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Lucifer was so happy to finally be let outside for the first time in the new house :3

Lucifer was so happy to finally be let outside for the first time in the new house :3

Tags: lucifer kitty
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The monster who waits at the top.

The monster who waits at the top.

Tags: Watson
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Being robbed is annoying, especially since we were all home and none of us heard a thing.

It’s not even the stolen items that upsets me, it’s the fact that I have no way of knowing who did it. There is no way to go about making them pay.

I slept in the garage last night with a knife in my pocket, hoping they would come back, but I knew that that was highly improbable, and it wasn’t worth the sore back I woke up with.

I feel like some random sacks of shit have defeated me in life, and I really need some sort of victory right now to get me back on track.

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pantsareforassholes:

Someone stole my bike and keyboard last night from the garage.

I would love to find the culprit. So would my knife.

Oh a bunch of other shit was stolen too. I hope they come back for seconds. I really, really do.

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Someone stole my bike and keyboard last night from the garage.

I would love to find the culprit. So would my knife.

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(Source: Spotify)

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I opened this fine ass bottle of Hawaiian red for dinner, but no one wanted to help me with it, so I am getting seriously fucked up and jamming out to loud music in my bedroom. 
DRUNK AS FUCK

I opened this fine ass bottle of Hawaiian red for dinner, but no one wanted to help me with it, so I am getting seriously fucked up and jamming out to loud music in my bedroom. 

DRUNK AS FUCK

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Chocolate pasta with Nutella, whipped cream, and raspberries.

Chocolate pasta with Nutella, whipped cream, and raspberries.

Tags: food porn
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Turn your fucking bass up and jiggle your fucking ass to this shit.

(Source: Spotify)

Tags: music spotify
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bluedogeyes:

India teen tells US how to save $400 million by changing font (via The Hindu)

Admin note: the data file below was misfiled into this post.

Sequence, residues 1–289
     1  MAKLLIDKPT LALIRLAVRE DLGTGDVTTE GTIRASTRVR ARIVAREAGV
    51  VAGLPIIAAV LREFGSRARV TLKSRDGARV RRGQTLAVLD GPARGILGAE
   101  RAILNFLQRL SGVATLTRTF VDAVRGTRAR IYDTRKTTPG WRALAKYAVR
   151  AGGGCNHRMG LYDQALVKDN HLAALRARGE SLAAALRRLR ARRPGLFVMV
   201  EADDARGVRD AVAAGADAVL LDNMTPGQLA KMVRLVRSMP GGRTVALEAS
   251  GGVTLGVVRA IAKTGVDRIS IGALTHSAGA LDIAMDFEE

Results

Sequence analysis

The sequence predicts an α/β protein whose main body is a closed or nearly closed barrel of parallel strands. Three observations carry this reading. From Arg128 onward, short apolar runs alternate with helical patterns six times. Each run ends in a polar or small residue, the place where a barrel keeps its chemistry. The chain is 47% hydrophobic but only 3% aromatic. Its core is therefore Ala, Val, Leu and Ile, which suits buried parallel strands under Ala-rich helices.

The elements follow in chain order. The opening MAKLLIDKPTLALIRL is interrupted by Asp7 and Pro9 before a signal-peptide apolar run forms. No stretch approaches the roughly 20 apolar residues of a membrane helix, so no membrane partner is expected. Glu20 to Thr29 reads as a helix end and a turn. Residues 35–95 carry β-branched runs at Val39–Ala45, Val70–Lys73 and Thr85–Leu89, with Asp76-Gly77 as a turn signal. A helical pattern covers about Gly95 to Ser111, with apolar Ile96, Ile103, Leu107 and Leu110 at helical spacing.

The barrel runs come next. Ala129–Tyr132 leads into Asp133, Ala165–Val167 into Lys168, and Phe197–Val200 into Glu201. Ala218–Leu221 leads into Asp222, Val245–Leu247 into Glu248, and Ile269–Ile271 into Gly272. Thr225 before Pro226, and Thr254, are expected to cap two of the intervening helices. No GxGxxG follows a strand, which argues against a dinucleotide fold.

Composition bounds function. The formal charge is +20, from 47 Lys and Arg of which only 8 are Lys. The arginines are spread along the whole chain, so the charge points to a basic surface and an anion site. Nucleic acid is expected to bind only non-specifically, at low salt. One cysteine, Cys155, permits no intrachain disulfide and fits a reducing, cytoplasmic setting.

A 14-year-old Indian-origin boy has come up with a unique plan that could help the U.S. save nearly $400 million a year by merely changing the font used on official documents.

Suvir Mirchandani, a student in a Pittsburgh-area middle school, claimed that if the federal government used the Garamond font exclusively it could save about $136 million per year, nearly 30 per cent less than the estimated $467 dollars it spends annually on ink.

An additional $234 million could be saved annually if state governments also implemented the change.

Mirchandani said the idea came to him when he was trying to think of ways to cut waste and save money as part of a science fair project at his school, CNN reported.

The youngster noticed that he was getting a lot more handouts than he did in elementary school and decided to figure out if he could minimize use of paper and ink.

While recycling paper was one way to save money and conserve resources, Mirchandani said little attention had been paid to the ink used on the papers.

“Ink is two times more expensive than French perfume by volume,” he said, adding that he then decided to focus his project on finding ways to cut down the cost of ink.

As part of his experiment, he collected random samples of teachers’ handouts and focused on the most commonly used characters such as e, t, a, o and r.

He noted how often each character was used in different fonts like Garamond, Times New Roman, Century Gothic and Comic Sans and then measured how much ink was used for each letter, using an ink coverage software.

From his analysis, Mirchandani figured out that by using the Garamond font with its thinner strokes, his school district could reduce its ink consumption by 24 per cent and in turn save as much as $21,000 annually.

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He repeated his tests on five sample pages from documents on the Government Printing Office website and got similar results that changing the font would save money.

Mirchandani’s findings have been published in the Journal for Emerging Investigators (JEI), a publication founded by a group of Harvard students in 2011 that provides a platform for the work of middle school and high school students.

One of the journal’s founders Sarah Fankhauser said that of the nearly 200 submissions they have received since 2011, Mirchandani’s project stood out.

“We were so impressed. We really could really see the real-world application in Suvir’s paper,” Fankhauser was quoted as saying…”

(via kenobi-wan-obi)